Hazarajat

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Hazarajat

 

mountains in the eastern part of the Iranian Plateau in Afghanistan, located primarily in the basins of two rivers, the Hari Rud and the Farah Rud. The Hazarajat, a system of desolate ranges of primarily moderate elevation, measures approximately 600 km in length and up to 300 km in width. It rises to a maximum elevation of 4,182 m in the Koh-i-Hesar. The ranges, which are composed mainly of limestones and shales, fan out from the western extremity of the Hindu Kush, gradually becoming lower toward the west and southwest. Semidesert with ephemeral sagebrush predominates to elevations of 2,400 m, with occasional thin forests of pistachio. Higher there is frigana (xerophytic shrub and semishrub vegetation) with groves of juniper; dry steppes occur on leveled segments. There are oases at the foot of the mountains.

References in periodicals archive ?
From the Hazaristan With Haiku Body and a Yellow Mandela
Poets Ahmad Al Shahawy​ (Egypt), Adnan Ozer​ (Turkey) and Kamran Mir Hazar​(Hazaristan)
The other part of the Hazaras that remained in Afghanistan fled the cities and escaped to the mountains of the central highlands of Afghanistan that is known today as Hazarajat or Hazaristan.
Up to now, hundreds of Hazaras who have been traveling from Kabul and other parts of Afghanistan to Hazaristan have been killed by the Taliban.
The Hazaras of Afghanistan The Hazara people, one of the largest ethnic groups, live mostly in the countryside of the central highlands of Afghanistan, which are called Hazaristan or Hazarajat.
And when they got control of Hazaristan, they killed a large number of the Hazara people in Mazar-e-Sharif, Bamiyan, and in other parts of Hazaristan.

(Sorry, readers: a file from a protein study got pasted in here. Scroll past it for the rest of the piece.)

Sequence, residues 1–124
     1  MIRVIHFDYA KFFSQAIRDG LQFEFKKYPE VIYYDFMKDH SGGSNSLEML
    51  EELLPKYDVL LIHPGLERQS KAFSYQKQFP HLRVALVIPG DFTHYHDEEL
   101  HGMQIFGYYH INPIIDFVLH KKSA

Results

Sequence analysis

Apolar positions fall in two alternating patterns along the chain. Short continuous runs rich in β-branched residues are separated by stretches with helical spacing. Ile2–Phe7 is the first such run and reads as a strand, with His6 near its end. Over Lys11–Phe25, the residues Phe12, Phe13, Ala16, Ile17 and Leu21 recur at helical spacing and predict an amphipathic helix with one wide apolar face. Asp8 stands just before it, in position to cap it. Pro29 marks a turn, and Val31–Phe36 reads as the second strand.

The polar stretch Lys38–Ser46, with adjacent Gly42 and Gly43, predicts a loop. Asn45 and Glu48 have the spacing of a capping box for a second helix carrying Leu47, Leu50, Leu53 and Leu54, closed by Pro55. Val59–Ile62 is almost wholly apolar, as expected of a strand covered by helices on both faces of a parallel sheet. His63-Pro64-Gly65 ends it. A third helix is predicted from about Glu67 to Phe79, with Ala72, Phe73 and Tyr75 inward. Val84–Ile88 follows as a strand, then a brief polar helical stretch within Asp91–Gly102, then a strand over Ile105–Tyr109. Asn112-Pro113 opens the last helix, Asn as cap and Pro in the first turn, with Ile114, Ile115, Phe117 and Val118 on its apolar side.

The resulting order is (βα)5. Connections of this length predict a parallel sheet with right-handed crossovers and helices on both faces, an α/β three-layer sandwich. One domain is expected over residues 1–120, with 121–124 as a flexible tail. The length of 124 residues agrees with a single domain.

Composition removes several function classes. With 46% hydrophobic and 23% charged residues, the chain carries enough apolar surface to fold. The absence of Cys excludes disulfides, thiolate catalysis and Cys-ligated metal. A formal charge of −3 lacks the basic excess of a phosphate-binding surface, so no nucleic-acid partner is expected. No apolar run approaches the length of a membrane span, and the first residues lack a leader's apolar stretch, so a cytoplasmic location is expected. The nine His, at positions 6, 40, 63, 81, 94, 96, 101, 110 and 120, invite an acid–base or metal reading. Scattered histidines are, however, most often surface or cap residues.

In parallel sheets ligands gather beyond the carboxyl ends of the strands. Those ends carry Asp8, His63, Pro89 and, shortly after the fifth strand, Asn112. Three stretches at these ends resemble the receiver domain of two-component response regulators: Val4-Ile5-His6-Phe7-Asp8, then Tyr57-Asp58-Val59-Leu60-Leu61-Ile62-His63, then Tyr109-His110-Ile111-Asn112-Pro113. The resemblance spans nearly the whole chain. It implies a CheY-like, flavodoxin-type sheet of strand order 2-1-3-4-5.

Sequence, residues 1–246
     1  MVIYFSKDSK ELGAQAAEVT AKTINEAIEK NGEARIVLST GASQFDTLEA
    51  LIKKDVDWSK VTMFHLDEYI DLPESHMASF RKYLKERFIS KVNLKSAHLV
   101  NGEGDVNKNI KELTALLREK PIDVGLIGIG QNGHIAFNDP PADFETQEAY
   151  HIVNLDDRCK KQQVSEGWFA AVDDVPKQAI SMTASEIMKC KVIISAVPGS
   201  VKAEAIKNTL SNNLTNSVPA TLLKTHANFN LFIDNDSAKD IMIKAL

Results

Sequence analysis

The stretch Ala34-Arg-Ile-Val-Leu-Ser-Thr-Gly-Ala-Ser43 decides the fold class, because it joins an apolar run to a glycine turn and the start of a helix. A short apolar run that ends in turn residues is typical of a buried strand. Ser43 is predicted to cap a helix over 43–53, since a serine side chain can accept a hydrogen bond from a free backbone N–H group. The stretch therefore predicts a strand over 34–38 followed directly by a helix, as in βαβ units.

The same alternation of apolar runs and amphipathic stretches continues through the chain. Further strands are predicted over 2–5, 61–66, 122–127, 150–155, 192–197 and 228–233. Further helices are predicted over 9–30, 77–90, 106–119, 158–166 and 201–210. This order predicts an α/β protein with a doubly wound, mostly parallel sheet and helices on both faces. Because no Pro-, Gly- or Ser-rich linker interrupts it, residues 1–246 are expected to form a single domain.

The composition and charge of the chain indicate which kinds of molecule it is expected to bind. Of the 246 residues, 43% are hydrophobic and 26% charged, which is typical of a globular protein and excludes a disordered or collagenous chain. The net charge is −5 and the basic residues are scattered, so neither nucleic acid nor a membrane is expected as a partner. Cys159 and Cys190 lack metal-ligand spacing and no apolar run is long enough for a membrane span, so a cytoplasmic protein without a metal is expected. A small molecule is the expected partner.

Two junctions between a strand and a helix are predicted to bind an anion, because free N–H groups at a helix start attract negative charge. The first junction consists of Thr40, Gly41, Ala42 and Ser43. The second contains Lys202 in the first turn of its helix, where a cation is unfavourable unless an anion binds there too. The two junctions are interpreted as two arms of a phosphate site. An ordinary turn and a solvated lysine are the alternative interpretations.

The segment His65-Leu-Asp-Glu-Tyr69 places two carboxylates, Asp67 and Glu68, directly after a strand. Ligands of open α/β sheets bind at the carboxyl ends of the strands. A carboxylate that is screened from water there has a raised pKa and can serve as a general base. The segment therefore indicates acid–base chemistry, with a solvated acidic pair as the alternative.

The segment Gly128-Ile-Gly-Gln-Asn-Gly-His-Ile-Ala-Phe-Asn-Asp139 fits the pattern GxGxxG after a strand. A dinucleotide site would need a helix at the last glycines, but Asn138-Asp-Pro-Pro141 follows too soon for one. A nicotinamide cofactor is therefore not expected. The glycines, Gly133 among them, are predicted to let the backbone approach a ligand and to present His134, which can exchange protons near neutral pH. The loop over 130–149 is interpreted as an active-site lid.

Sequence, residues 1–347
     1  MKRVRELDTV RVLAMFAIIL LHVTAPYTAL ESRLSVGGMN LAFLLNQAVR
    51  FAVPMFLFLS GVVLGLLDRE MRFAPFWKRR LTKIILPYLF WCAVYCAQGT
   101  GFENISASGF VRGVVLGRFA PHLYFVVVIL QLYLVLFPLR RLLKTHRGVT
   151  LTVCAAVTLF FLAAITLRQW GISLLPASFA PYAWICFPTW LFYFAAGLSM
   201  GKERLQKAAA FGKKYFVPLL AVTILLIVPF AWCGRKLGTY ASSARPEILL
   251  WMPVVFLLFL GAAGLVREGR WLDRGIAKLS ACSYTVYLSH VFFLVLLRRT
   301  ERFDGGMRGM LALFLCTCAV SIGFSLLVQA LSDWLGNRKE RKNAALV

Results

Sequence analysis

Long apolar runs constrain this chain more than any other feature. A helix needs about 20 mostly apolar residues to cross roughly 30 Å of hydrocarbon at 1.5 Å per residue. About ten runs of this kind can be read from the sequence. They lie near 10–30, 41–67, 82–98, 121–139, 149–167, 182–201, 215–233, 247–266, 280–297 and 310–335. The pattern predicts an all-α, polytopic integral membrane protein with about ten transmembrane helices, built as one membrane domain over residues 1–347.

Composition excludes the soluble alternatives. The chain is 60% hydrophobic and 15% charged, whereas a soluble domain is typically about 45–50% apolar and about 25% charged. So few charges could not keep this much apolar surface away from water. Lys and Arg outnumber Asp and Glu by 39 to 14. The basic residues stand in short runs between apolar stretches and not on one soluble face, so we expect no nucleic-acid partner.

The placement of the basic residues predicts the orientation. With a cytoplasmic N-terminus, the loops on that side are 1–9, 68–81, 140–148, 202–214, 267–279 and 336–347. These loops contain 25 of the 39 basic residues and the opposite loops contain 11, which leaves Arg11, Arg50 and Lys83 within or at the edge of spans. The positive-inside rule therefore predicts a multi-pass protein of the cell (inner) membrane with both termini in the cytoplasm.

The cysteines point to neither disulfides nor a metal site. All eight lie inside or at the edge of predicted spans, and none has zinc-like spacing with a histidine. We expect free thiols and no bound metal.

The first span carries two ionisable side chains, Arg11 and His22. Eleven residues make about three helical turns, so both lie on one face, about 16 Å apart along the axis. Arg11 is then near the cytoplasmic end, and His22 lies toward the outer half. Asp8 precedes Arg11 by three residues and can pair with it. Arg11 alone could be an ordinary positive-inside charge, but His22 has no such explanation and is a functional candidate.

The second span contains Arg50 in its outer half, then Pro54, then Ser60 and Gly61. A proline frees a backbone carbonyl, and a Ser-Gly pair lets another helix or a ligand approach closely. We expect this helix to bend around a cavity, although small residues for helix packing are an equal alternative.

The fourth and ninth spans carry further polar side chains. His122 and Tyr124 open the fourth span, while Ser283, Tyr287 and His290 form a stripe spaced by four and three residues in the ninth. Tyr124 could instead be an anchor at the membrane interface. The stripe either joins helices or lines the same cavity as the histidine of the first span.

Not-allowing Uzbek, Turkmen and Baloch people to educate in their own languages; burning Turkic books; destroying ancient Buddha sculptures of Bamiyan, Hazaristan; banning of Navruz celebration that does not belong to Afghan culture; and changing the name of cities, districts and villages are other examples.
Stream of Deer reflects the voice of a freely-speaking poet from Hazaristan (Afghanistan), Kamran Mir Hazar.
The anthology begins with the absorbing piece named MY NAME IS FATIMA OF HAZARISTAN, penned by Etnairis Ribera from Puerto Rico.
The cover features a representation of the flag of Hazaristan and an image of the ancient Buddha sculpture of Bamiyan, a principal symbol of Hazara history and culture.
• Robert Maier, author, educator, filmmaker (USA)• Kamran Mir Hazar, poet, journalist and webmaster (Norway/ Hazaristan)• Gertrude Fester, educator, writer and poet (South Africa/Rwanda) • Emdee David,- Writer, Producer and Director- Africa Entertainment Network (Nigeria)• Fernando Rendon, poet, director of International Poetry Festival of Medellin, Alternative Nobel Prize 2006 (Colombia)• Canela A.
He supported The Hazaristan Defiance under the Tanzeem Platform which